There can be no doubt that the Celtic Saints knew how to choose a location. Aidan’s Lindisfarne, Cuthbert’s Inner Farne, Kevin’s Glendalough, the disciples of Dicuil’s Bosham or Columba’s Iona are places that are inhabited by a true sense of the wild, the wonderful, the dramatic and the intensely beautiful. They were on the very edge of where humanity at the time could exist. The sensory overload you experience when standing in such locations is truly majestic. A view through history captured in the landscape of the Divine. I have always been struck by what overwhelming instinct would drive ordinary men or women to abandon the shelter of their homes and warmth of their partners beds to journey to the ends of the known world and live out a sparse and meagre existence, as in the case of Fionan, who on the wild and exposed rock of Skellig Michael fell into the arms of the wild Atlantic and its Creator.

Sunset over the Farne Islands

What was striking to me as I began to read Columba’s rule was that he placed the location of the encounter with Christ before the ‘naked imitation of Christ’. The more I reflected upon the location of my encounter with The Trinity, the more I began to understand the simple logic in this, as well as the profound impact that such a step could have in my own life.

Alone and separate did not mean lonely and isolated. There can be no doubt that to embrace the idea of being alone, can be a terrifying experience for many people. Walking away from the noise and bustle of modern society and the sense of self-importance derived from eating at this table, is an intentional step that is extremely counter intuitive in society and conventional church culture.

Daily life and activity is intent on bombarding ones senses with images, noises and activities that in the final analysis are questionable regarding the value and legacy they impress upon ones eternal reality. To intentionally remove ones self from this narrative of society became a bold step away from feeding my ego. Given that our world seems to be about the communication of fear and/or desire over love and justice this may not be such an unwise move. It is fascinating to reflect upon the crude nature of advertising as an example. It would appear its three primary drivers are;

Unknown said...

◾Desire to possess what we do not have or need,
◾Fear of what may happen to us through what we cannot see or control,
◾Ownership of the product that will satisfy the desire or alleviate the fear.

All this gives us the illusion of being in control over the natural order and the domesticating of the world around us.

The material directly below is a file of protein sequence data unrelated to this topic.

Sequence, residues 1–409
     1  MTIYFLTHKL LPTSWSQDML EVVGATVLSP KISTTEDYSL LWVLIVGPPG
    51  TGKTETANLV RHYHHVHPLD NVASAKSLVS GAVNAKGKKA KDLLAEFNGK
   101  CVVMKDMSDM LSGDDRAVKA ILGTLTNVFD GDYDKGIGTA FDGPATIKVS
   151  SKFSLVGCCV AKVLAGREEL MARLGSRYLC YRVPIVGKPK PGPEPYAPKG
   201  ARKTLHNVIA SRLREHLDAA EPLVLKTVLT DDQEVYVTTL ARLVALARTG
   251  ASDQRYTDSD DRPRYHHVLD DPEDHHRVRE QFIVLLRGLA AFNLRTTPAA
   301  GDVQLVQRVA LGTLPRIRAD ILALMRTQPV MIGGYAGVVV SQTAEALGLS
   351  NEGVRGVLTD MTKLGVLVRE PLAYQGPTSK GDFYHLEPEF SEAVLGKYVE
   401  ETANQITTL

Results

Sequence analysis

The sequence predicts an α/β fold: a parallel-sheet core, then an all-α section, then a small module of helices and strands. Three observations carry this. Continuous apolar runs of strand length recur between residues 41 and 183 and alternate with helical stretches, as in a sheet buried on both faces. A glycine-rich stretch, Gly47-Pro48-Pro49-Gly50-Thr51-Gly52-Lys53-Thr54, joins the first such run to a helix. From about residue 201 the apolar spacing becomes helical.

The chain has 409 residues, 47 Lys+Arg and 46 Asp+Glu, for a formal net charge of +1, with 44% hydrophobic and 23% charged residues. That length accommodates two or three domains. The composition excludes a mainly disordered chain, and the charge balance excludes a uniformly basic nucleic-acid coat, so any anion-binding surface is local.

Being separate and alone moves me to a place where I have to live with my own inner turmoil, conversations, fears and desires without the ‘soma‘ of modern living to drown out the voice of my true self. Yet finding that place is not easy. For Columba and his many followers this was the first step. Find your space, find your location, find your stillness, find your place where you can be alone with the Trinity.

It then seems that location becomes more than just a place of personal stillness and prayer, it becomes an external manifestation of the relationship with Christ. A place that embodies the dynamism, drama and breadth of the encounter of the living Christ as this extract from Columcille Fecit beautifully illustrates,

‘Delightful would it be to me to be in Uchd Ailiun

On the pinnacle of a rock,

That I might often see

The face of the ocean;

That I might see its heaving waves

Over the wide ocean,

When they chant music to their Father

Upon the world’s course;’

Naturally this practice can take on many shapes and forms. It can be a location, it can be a meditative state that opens one up to the eternal presence, it can be a image that triggers humility. Yielding to the ‘aloneness’ of self, ushers in the face of Christ in whom we encounter our true identity. It is here we are discovered and discover that we are never alone.

The opening phrase of the Rule of Columba began to capture for me the true kernel of what the indigenous Christian spirituality of the British Isles was all about. The yearning for intimacy with Christ is the total abandonment of self to love and passion can only be experienced through naked intimacy (one cannot be intimate in public after all, as society and institutionalised religions, classes that as indecent).

Yet this aloneness and the richness that flows from it is set in an eternal location. The inner journey is captured in the outer landscape. That landscape needed to be discovered and needed to be remote, wild, exposed and inhabited by His and my presence alone. It seems to me that human beings are the only creatures on earth who intentionally build shelters for themselves to escape the power and rawness of creation, domesticate their surrounding landscape, call it normal and expect everything else to conform to this behaviour.

Yet in the world of God’s Spirit intimacy means naked exposure,

‘as deep calls to deep, in your rushing waters:

and all your torrents, all your waves have flowed over me’.

The psalmist could only capture the depth of God’s presence in the language and experience of being overpowered by the nature of water.

Columba understood that aloneness meant ‘togetherness without distraction’ and that the created order was the bed upon which we lay down with the Godhead. As I am enfolded in the dynamic personality of the Spirit, the immanence of Gods-self in the wonder and beauty of the created order allows me to be my natural self.